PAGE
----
Send to

Choose Destination
J Biomater Sci Polym Ed. 1999;10(8):827-44.

Surface roughness enhances upward migration of bacteria on polymer fibers above liquid cultures.

Author information

Department of Chemical Engineering, University of Connecticut, Storrs 06269, USA.


Monofilament polypropylene (PP) fibers, very similar to fibers that have been used as monofilament tailstrings of interuterine contraceptive devices, were suspended vertically in bacterial liquid monocultures so that a portion of a fiber extended above the liquid surface. In some cases these highly oriented, cold drawn fibers were abraded prior to insertion in the cultures in order to produce surface roughness characterized by axial channels and protruding microfibrils that partially peeled from the fiber surface thereby forming the channels. Extent of migration on a fiber was assessed by aseptically cutting it into small segments, followed by culturing each segment on agar containing growth medium. Such assessment of the PP fibers after 48 h of incubation in the cultures revealed upward migration of Eschericia coli, Pseudomonas aeruginosa, and Staphylococcus aureus over significantly longer distances on the pre-roughened fibers than on those not so pre-treated. Mean measured distances of migration during 48 h were: for E. coli 2.7+/-0.6 mm on roughened fibers (n = 16) and 0.4+/-0.7 mm on fibers not roughened (n = 17); for S. aureus 9.0+/-4.3 mm on roughened fibers (n = 13) and 0.2+/-0.3 mm on fibers not roughened (n = 14); for P. aeruginosa 8.5+/-3.7 mm on roughened fibers (n = 26) and 0.2+/-0.5 mm on fibers not roughened (n = 5). Although no statistically significant (95% confidence level) difference could be discerned between the migration distances of S. aureus and P. aeruginosa, each of these species migrated a greater distance on the PP than did E. coli. The migrations observed are attributed predominantly to wicking of the liquid cultures upward in the axial grooves developed on the surface of the PP by the eruption and peeling of microfibrils from the surface. Surface tension of the growth medium was significantly lower than that of water and its contact angle on PP was less than 90 deg, thereby indicating a tendency to wet the PP. Bacterial growth in the medium further reduced its contact angle on PP, thereby indicating an even greater tendency to wet PP after such growth.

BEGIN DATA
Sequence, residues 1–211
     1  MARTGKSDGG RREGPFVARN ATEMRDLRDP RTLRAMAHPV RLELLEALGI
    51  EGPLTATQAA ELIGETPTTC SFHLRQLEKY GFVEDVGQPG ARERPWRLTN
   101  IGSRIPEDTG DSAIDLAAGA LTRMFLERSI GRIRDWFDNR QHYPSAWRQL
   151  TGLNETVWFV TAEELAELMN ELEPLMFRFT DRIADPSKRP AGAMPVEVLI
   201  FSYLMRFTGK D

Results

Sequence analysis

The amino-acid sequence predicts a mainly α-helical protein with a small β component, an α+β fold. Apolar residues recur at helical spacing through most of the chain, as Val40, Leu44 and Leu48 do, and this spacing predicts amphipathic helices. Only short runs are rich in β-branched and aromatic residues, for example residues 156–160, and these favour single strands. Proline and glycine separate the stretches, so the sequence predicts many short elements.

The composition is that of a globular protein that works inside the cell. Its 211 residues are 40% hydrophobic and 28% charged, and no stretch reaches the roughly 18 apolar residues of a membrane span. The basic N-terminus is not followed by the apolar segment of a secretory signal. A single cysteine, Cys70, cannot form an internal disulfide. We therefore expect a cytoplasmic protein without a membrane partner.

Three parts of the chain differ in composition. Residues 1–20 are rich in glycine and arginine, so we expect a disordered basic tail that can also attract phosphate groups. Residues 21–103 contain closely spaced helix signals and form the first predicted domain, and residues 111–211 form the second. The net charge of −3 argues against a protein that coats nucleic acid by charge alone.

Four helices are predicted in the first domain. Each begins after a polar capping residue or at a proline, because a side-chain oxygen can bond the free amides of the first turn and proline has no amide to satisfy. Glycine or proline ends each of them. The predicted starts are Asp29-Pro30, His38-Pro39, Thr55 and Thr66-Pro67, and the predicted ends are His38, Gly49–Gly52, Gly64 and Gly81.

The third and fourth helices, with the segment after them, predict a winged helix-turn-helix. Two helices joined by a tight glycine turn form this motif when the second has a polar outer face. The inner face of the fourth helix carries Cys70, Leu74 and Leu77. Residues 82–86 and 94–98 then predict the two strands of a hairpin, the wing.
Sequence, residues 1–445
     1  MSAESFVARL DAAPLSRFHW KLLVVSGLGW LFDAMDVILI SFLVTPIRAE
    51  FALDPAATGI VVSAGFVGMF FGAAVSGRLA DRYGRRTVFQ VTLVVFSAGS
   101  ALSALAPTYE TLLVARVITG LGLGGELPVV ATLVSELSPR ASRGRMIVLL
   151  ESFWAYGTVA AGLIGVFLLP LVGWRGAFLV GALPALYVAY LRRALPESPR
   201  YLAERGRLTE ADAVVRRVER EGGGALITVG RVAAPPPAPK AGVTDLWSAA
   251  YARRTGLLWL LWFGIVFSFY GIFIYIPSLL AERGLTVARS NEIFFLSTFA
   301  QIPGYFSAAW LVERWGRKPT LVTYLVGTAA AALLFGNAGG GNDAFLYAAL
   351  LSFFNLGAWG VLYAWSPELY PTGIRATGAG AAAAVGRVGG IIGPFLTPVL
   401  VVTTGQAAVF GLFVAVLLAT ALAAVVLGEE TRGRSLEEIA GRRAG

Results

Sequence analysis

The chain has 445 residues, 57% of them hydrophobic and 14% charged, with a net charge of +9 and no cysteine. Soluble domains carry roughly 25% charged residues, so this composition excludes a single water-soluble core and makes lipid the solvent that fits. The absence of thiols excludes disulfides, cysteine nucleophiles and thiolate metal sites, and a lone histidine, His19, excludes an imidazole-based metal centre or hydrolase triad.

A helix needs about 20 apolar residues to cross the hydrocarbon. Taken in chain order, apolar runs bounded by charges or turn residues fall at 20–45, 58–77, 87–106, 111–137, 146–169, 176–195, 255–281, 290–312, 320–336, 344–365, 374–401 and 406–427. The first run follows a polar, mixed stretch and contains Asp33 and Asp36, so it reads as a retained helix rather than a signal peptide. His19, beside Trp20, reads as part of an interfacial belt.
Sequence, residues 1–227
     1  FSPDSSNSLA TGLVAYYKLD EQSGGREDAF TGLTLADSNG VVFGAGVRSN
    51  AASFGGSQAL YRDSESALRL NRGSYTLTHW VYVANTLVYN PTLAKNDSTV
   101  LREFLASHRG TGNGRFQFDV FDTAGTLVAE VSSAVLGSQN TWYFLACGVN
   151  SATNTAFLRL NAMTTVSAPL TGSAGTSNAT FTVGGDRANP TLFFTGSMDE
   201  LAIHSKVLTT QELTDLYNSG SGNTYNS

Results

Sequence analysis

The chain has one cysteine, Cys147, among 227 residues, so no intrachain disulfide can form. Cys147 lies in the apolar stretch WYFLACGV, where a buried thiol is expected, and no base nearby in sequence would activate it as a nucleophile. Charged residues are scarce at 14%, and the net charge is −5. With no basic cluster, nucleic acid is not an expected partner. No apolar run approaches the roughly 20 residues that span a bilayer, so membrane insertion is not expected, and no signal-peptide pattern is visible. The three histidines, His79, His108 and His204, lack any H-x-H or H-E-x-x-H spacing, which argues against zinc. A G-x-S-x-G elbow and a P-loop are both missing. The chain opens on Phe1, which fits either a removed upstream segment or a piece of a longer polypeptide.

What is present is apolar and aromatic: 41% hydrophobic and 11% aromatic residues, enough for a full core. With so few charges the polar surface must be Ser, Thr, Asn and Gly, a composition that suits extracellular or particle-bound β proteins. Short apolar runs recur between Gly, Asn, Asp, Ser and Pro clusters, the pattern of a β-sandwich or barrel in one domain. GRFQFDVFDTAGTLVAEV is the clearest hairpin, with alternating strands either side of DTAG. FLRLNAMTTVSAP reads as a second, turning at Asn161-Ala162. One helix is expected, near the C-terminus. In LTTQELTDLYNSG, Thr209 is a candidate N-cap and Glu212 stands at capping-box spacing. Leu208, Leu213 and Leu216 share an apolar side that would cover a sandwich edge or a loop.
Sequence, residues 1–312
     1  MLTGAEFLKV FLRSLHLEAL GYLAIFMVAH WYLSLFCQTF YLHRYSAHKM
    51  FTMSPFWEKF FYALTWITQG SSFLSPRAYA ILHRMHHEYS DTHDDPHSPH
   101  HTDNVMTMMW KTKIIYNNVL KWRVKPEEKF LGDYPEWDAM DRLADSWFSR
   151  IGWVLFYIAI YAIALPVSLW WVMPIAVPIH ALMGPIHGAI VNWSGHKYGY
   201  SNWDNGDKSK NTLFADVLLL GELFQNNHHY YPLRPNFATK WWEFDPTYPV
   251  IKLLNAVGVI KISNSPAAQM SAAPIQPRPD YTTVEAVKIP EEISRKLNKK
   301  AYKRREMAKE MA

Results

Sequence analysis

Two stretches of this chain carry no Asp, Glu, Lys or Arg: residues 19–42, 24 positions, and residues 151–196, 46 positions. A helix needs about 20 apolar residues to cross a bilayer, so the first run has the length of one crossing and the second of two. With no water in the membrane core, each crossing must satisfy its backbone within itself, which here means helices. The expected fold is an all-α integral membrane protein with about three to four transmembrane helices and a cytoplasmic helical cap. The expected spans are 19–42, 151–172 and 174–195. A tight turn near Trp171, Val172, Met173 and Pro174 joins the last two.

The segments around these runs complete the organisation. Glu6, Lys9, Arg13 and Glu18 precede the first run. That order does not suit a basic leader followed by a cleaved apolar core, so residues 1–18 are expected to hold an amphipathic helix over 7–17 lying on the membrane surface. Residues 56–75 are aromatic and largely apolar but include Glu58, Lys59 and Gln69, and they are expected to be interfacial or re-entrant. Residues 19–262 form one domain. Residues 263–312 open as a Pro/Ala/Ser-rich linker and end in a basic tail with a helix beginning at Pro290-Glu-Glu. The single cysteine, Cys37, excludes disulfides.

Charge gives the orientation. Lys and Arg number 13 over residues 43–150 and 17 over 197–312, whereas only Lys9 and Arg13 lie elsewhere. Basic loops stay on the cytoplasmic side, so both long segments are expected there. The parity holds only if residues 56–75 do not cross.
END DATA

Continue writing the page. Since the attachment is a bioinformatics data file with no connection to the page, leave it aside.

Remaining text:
[Indexed for MEDLINE]

Supplemental Content

Loading ...
Support Center